“They have often recourse to our Medicines, I suppose, because they find ’em good, but where they do not succeed, they rather lay the Cause on the Physick, than the Constitution of the Person.”

[Hennepin, 1698, v. 2, p. 76]

“They have often admired the effects of our Remedies, which I apply’d to their Sick; so endeavoring to Cure them of their Spiritual Maladies by bringing them to the knowledge of the True God, through the Care I took of their Bodies.”

[Hennepin, 1698, v. 2, p. 107]

Mithridate’s Treacle

Noted as “Mithradite” by Hennipen; an ancient remedy re-written as Theriac Andromachi, and considered the early treacle.

[Hennepin, 1698, v. 2, p. 76]

Natural History

      Ethnobotany/Natural History Note:

“There are many Medicinal herbs, altogether unkown (sic) in Europe, the efficacy of which is infallible, as the Barbarians have found by Experience, who make use of ’em to heal all their Wounds, as well as to cure Tertian and Quartan Agues, to asswage the Nephritic pains, to serve as Purges, and for other Applications of the like Nature.  To those may be added several sorts of Poyson, particularly the Bark of the Wild-Lemon-Tree, and others which are us’d by these People to put their enemies to Death.  Serpents are frequently seen in certain places, more especially Adders, Aspes, and other sort of Serpents that have a kind of Rattle at their Tail, and a re therefore call’d Rattle-Snakes: These last are of a prodigious length and thickness, and their Biting often proves fatal to Passengers; nevertheless, they do not Assault any Persons, unless they happen to touch the Herbs or Pieces of wood on which they lie; But Sovereign Remedies against their Venom are to be had in the Places which they frequent.  There are in like Manner certain Frogs of a surprising thickness, the croaking of which is as loud and thrill as the bellowing of Oxen.”

[Hennepin, 1698, v. 2, p. 133]

Natural Products (general notes)

Mentions “Firr-Tree Gum for Pitch and Tar,” skins, Oak Planks for ships.”

[Hennepin, 1698, v. 2, p. 132]


Orvietanum, a patent medicine invented by an Italian, Hieronymus Ferrantes, of Orvieto, who named himself Orvietano.  Served as an electuary and “invaluable antidote.”  Its ingredients included Old Theriac, Drief Vipers, Scorzonera, Carlina, Imperatorium, Angelica, Bistort, Rosemary, Juniper, Cinnamon, Cloves, Mace, Honey, etc.  Uses were like those of Theriac, i.e. as a Panacea and Miracle Cure.  Hennepin also calls this his “Treacle”, Orvietan (traditional Treacle is Theriac Andromachi, Mithradites Treacle, or Venice Treacle.

As written by Hennepin:

“As there are some stony Places in this Country, where there is a great quantity of serpents, very troublesome to the Illinois, they know several Herbs which are a quicker and surer remedy against their Venom, than our Treacle or Orvietan.  They rub themselves with these Herbs, after which they play with those dangerous Serpents, without receiving any hurt…” (vol. 1, p. 133)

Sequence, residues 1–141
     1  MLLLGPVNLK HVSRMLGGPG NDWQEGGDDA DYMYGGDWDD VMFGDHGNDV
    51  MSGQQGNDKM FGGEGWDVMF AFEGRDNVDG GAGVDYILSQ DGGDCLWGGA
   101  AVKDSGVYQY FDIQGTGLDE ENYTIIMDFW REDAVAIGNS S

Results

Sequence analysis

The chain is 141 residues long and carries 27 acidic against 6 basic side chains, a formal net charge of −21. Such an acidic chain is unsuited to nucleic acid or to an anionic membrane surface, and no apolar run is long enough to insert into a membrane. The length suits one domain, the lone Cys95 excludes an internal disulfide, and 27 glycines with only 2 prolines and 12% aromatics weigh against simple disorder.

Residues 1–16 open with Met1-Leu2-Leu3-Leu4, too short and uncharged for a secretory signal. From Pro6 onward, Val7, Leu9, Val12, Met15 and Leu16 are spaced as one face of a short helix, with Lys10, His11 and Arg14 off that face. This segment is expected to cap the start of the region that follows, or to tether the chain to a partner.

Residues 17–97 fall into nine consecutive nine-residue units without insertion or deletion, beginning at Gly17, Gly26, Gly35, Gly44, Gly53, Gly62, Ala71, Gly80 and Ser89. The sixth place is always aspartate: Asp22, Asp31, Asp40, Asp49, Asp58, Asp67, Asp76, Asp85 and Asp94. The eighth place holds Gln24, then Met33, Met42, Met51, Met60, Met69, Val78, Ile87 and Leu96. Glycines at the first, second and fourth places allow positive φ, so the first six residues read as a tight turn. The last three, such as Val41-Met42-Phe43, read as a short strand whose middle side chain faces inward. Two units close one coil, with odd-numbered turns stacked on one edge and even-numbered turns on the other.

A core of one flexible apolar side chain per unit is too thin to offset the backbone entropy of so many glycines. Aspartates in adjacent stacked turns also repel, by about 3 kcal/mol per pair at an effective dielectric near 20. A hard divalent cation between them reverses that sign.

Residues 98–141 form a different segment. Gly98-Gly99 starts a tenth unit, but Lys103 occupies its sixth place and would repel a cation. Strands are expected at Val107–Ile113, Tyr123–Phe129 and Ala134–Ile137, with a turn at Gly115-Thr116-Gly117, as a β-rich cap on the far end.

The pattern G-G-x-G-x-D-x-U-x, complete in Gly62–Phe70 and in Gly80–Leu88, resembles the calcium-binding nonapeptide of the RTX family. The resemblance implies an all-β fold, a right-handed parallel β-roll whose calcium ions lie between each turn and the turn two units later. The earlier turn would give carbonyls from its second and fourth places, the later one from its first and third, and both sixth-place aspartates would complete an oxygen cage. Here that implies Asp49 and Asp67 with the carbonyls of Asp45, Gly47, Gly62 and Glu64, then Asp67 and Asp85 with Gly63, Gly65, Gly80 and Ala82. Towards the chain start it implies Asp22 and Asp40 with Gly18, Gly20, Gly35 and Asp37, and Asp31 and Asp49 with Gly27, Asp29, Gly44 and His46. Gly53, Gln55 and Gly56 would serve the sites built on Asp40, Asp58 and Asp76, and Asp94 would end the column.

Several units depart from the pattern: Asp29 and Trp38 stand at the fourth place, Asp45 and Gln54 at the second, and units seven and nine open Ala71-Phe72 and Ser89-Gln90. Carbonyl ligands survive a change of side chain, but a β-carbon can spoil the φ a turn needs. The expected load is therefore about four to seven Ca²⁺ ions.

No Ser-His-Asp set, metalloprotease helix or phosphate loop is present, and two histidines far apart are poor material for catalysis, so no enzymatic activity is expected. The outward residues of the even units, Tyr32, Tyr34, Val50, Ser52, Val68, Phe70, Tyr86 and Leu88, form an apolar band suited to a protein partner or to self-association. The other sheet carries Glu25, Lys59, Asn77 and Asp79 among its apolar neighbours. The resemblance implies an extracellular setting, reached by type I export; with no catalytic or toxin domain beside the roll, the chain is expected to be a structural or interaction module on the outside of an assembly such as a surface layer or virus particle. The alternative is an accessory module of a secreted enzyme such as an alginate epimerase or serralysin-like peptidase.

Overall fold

[Hennepin, 1698, v. 1]

Chapter LVIII.  While with the Issati along the River of St. Francis, who were hunting the “Wild-Bull,” Hennepin spent the following evening, “800 leagues from Canada,” discussing and interpreting each group’s healing traditions with the Natives.  Hennepin writes:  “That if they had received any good Usage from the Savages, ’twas owing to my Ingenuity more than their own, having been capable of letting several of them Blood, and otherwise assisting ’em in their Sickness by my Orvietan and some other Medicines which I carefully kept by me.”

Hennepin made use of such chances to improve his relation with the Natives.  He made several attempts to treat the snakebites of several tribal or crew members.  He writes:

I had made but little advance in or to their salvation, by reason of their natural Stupidity; but that the best way to take the Soul was to begin with the Body: That, in short, I had gain’d their Friendship by my Services, and that they wou’d have certainly kill’d us, but that they knew I had certain Remedies about me to restore Health to the Sick; which they thought was a Treasure never to be valued as it ought.”  

[Hennepin, 1698, v. 1, p. 226]

Brief mention is made of the use of Orvietan Powder as a nutriment while Picard and Hennepin were searching for gooseberries.

[Hennepin, 1698, v. 1, p. 228]

Hennepin made use of Orvietan “for the recovery of our Health” after consuming a heavy meal consisting of pieces of Flesh from a Bull.

[Hennepin, 1698, v. 1, p. 235]

Mention of the treatment of Rattle-Snake bites with Orvietan.

[Hennepin, 1698, v. 2, p. 107]

Quacks–see Jugglers; Orvietan; Diseases

Sea-Monstors–see Animals.

Snakebite Remedies

As with most Native American histories, their views of the Rattlesnake were an important part of their spiritual healing faith. 

Hennepin noted sleeping alongside a rattler, and perhaps made use of his panacea Orvietan to treat the snakebite at least once.   

Hennepin noted snakes and snakebite remedies several times along the Mississippi.  One likely snakeroot growing in these parts fo early North America was a member of the Polygonaceae family.  The jointed stems and rhizomes these plants bore, and at times their flower tops of white and pink, with small bead-like flowers, made them appear like the the snake and its rattle.